We are seeing a growing number of Municipalities across the state finding it impossible to keep up with their debt payments. One reason is because of underfunded and overly generous public pensions.
Wirepoint has identified over 400 local governments that have underfunded their pensions for years. In Harvey, the city’s fire pension fund is only 22% funded, police pensions are 51% funded. They have cut critical services to residents. The town is headed for disaster because of Illinois’ corrupt public pension system.
The cities of East St. Louis, Chicago and others are not far behind. Madigan and my opponent stand by doing nothing but kicking the can down the road.
State elected officials gave Chicago a five-year reprieve from fully funding their pensions as required. By FY2023, the amount they must contribute to pensions is expected to double to over $2.2 billion or about 25% of their general revenue fund. How will Chicago’s incompetent leadership finance another billion dollars of pension liability? They will have to include massive tax and fee increases, service cuts and layoffs.
Madigan and my opponent have created pension rules local government must abide by which have resulted in these underfunded pension disasters.
For years, municipalities have sought help from state lawmakers on pension rules, collective bargaining requirements, workers compensation, prevailing wage requirements, and more.
Bankruptcy will be the only way out for some towns.
Local Governments must be given the ability to renegotiate contracts and debt obligations.
Irresponsible legislators under Madigan’s leadership have allowed the pension debt to become so massive it will be increasingly difficult for tax payers to pay for these overly generous pensions.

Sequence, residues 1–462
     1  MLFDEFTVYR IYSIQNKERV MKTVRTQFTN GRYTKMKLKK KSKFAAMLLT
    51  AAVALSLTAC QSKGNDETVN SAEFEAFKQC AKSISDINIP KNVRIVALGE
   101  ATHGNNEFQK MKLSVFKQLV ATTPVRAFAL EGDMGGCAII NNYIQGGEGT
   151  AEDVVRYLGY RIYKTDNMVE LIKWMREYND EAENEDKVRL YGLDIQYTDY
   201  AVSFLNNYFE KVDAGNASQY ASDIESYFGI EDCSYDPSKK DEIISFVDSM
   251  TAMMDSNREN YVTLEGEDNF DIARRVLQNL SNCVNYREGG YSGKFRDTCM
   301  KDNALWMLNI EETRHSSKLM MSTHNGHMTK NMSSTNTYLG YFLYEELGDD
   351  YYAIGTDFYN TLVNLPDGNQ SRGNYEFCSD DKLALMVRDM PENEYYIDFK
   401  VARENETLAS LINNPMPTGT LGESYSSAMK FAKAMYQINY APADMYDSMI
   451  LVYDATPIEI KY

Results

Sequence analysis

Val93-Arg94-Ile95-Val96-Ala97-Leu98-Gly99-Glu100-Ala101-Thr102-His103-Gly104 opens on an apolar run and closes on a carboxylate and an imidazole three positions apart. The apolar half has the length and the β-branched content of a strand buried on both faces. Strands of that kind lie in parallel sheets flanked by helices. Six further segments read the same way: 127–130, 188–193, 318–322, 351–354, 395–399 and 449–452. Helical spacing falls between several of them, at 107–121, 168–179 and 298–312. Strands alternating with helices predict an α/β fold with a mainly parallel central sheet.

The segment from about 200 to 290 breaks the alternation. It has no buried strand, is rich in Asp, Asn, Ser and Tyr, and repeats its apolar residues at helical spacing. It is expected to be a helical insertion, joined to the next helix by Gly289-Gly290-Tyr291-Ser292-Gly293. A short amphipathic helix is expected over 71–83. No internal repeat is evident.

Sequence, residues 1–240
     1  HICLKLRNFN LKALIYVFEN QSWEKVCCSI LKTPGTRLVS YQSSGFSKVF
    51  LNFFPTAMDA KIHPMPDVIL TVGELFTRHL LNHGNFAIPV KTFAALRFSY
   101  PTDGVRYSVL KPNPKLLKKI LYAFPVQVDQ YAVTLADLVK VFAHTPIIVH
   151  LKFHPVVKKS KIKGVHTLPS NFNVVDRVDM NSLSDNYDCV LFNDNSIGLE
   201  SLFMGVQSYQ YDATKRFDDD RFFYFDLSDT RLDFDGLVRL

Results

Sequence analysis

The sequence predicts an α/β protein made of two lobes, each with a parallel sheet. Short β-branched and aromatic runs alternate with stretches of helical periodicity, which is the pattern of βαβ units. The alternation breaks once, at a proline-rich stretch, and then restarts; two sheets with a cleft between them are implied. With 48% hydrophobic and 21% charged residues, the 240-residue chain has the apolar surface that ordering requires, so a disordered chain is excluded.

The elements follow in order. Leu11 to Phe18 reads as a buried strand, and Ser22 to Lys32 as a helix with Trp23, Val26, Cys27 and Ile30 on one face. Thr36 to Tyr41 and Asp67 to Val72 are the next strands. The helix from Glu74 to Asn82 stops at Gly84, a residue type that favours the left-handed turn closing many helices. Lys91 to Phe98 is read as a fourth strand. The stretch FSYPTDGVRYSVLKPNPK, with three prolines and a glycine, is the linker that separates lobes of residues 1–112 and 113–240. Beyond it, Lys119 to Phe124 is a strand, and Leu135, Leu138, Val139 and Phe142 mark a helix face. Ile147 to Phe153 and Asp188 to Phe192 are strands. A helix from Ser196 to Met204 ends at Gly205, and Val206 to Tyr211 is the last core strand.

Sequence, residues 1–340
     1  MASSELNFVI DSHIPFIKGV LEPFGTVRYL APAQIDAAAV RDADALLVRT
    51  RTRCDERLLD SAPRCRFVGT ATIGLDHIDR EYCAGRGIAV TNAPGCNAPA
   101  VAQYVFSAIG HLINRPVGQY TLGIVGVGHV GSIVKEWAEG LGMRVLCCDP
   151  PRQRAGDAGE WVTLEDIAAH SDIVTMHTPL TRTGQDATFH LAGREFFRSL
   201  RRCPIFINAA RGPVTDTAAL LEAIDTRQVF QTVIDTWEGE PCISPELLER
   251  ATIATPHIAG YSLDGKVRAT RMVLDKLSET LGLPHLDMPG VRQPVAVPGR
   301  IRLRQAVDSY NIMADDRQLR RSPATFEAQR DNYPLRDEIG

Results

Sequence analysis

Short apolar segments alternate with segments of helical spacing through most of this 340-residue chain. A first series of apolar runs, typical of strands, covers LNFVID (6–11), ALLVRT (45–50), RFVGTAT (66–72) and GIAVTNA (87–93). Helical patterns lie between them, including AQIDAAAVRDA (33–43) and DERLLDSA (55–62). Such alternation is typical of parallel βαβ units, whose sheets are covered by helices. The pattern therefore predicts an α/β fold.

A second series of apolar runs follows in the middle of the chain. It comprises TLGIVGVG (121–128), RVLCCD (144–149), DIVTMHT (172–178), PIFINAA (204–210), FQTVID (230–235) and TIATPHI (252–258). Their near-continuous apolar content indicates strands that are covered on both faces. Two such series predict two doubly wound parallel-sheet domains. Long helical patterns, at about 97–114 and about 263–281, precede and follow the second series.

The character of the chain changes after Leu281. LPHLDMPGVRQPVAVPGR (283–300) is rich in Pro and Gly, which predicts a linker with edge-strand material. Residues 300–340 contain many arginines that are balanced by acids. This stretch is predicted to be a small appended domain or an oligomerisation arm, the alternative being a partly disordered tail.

They have allowed the government to irresponsibly borrow against your home and your future income. Without a bankruptcy provision for local governments the only way for some future residents to survive financially will be to move out of state.
Should there be term limits for legislative leaders? If so, what would you do to make that happen? What other systemic changes should be made to strengthen the voice of individual legislators, limit the control of legislative leaders, encourage bipartisanship?
Yes, I have self-imposed term limits on myself as president of our park district, associations, and hospital leadership positions. It is healthy for any organization to have periodic turn over in leadership. This is what our founding fathers had intended for our government at its origin. Political office should not be a long term, fulltime job. People should rotate regularly in representing the residents of their community.
It would reduce corruption in our state. We must end the unchecked power of career politicians like Madigan and my opponent.